A private trip to return his father's ashes to the land of his birth, turned sour for Chinese-born Australian John Hugh.
Fifty-one-year-old John Hugh travelled from Sydney to China on Tuesday intending to return his father's ashes to the land of his birth. But he never made it.
When Mr Hugh and his mother touched down in Shanghai, two border inspection officers boarded their plane.
"They asked me to present my passport, I did so, then they said to me take your belongings, come with us," he told SBS News.
"I guess I have no choice but to go with them."
His mother was waved through to Shanghai without incident, but Mr Hugh was ordered to switch off his phone, and within an hour was on a flight back to Sydney.
"I asked them what was the reason, obviously the reason for refusing to enter? Their answer was very diplomatic, said, 'You should know.'"
The Australian citizen is a spokesman for the Australian Values Alliance, a loose-knit collection of Australian Chinese citizens critical of the Chinese government.
Last week he spoke at New South Wales Parliament House at the launch of a controversial book, Silent Invasion, which alleges widespread interference by the Chinese Communist Party in Australia.
The book's author, Clive Hamilton, says the incident reinforces the view that the Chinese government operates in a vindictive way against those it perceives as its enemies.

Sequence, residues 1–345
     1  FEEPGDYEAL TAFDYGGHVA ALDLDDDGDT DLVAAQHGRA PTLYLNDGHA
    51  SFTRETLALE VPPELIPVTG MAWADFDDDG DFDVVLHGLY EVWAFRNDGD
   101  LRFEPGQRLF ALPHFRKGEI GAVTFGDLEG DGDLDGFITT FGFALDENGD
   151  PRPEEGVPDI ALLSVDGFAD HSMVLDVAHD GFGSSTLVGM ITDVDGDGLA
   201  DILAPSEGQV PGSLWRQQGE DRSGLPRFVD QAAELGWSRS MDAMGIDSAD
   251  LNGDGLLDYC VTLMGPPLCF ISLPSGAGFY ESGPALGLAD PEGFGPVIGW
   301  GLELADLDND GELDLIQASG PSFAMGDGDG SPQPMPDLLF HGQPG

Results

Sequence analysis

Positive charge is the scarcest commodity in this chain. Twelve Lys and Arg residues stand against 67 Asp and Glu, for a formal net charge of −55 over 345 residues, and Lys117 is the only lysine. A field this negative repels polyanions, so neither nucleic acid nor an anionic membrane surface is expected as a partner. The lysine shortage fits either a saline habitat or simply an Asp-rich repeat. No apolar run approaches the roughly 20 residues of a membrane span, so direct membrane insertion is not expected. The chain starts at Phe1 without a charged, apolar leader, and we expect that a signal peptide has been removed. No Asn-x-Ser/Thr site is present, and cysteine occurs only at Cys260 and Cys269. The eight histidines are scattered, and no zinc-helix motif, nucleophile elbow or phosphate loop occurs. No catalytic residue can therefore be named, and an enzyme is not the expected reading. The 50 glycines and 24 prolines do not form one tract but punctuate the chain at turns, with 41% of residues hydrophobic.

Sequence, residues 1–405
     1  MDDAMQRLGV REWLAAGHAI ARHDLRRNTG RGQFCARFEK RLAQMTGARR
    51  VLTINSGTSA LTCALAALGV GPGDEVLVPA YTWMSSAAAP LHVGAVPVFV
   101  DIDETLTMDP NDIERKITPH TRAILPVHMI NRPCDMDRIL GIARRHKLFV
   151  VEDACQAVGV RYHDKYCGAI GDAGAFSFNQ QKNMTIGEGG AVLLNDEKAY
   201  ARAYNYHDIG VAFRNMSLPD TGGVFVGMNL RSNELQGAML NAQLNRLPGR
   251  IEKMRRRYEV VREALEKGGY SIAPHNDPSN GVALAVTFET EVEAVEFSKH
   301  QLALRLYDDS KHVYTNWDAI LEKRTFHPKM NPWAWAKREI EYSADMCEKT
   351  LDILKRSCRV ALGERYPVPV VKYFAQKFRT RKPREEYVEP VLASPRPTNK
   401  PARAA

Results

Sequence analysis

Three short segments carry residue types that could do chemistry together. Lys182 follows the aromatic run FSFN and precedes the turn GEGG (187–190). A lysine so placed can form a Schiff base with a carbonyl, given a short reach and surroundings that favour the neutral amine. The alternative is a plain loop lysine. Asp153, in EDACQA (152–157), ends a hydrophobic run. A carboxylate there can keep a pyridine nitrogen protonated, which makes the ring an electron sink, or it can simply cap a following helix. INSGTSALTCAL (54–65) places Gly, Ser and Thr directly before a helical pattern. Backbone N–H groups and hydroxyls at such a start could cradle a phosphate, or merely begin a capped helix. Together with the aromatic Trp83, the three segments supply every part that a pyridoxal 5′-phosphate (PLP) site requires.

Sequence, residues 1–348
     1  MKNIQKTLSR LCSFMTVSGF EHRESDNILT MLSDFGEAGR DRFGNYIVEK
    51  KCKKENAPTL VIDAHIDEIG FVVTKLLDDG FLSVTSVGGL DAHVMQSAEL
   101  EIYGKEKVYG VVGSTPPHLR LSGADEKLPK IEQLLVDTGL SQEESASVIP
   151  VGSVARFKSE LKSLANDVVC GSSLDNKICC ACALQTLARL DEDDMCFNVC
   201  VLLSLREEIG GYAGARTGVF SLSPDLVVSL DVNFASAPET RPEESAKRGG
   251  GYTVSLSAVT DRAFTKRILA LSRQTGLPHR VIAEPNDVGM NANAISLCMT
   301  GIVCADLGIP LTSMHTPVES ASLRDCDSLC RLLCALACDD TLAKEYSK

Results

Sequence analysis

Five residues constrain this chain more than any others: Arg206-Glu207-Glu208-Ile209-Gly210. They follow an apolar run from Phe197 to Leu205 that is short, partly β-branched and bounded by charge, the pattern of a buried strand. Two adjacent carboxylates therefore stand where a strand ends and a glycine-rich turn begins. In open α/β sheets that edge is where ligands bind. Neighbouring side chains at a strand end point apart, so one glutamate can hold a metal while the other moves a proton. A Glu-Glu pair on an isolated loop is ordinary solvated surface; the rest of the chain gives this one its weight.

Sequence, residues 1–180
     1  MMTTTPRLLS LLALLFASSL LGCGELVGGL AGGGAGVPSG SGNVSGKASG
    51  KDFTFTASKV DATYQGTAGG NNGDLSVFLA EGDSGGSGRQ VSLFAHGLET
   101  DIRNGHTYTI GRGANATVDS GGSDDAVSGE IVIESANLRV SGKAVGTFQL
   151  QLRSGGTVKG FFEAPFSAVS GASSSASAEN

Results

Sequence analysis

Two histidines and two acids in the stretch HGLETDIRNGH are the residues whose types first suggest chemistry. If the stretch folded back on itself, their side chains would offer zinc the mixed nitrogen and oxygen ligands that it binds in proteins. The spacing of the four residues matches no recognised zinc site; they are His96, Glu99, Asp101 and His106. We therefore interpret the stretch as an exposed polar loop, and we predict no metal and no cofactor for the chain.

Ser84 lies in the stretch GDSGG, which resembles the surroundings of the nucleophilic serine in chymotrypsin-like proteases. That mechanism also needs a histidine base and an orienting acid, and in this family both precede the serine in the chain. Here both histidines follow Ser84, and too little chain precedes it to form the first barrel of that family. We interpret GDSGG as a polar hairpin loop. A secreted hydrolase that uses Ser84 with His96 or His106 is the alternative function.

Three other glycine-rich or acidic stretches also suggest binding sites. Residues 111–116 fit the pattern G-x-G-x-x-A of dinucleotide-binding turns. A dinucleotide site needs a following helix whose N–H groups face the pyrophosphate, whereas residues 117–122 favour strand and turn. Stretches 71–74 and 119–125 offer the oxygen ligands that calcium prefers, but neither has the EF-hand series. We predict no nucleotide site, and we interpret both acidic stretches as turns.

"I think the message that John's deportation from China sends to the Chinese-Australian community is quite simple and blunt and that is that if you criticise the Chinese Communist party than we will punish you if we can," Mr Hamilton said.
As a former city councillor in western Sydney, Mr Hugh was part of a delegation to China in 2014.
Chinese authorities had requested he be dropped from the group before finally allowing him into the country.
In a statement, Foreign Minister Julie Bishop says, "While we are disappointed the Councillor's visit did not proceed as planned, China has authority over its own policies and procedures for the entry and exit of foreign nationals into and out of China."
The Chinese embassy has not responded to requests from SBS News for comment.
Last year another Chinese-born Australian critic of Beijing, Dr Feng Chongyi, was detained in China for questioning for a week.
Peter Jennings is the executive director of the Australian Strategic Policy Institute.
"This is associated with the increasingly nationalistic behaviour we're seeing from Xi Jingping, along with his own tightening grip on the reins of power in China and yes, it is something much more noticeable now than a couple of years ago," Mr Jennings told SBS News.
Mr Hugh's 78-year-old mother is currently staying with relatives in Shanghai but he says she is being followed by authorities.
He is now organising a flight to Canada to reunite with her to continue their trip as planned.